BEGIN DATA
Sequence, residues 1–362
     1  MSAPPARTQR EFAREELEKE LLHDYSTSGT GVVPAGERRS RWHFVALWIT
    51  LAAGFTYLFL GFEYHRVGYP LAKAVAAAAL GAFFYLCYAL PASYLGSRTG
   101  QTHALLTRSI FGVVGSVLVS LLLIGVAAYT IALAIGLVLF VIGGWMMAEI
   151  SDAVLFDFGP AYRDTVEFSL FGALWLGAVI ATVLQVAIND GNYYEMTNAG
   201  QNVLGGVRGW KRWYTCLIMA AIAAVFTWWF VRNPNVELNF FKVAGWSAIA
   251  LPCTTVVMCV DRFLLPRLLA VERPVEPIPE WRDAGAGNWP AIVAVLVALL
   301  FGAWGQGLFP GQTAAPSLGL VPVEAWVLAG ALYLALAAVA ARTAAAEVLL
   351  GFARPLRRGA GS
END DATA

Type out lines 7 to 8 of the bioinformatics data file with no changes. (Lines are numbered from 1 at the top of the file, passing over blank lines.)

   251  LPCTTVVMCV DRFLLPRLLA VERPVEPIPE WRDAGAGNWP AIVAVLVALL
   301  FGAWGQGLFP GQTAAPSLGL VPVEAWVLAG ALYLALAAVA ARTAAAEVLL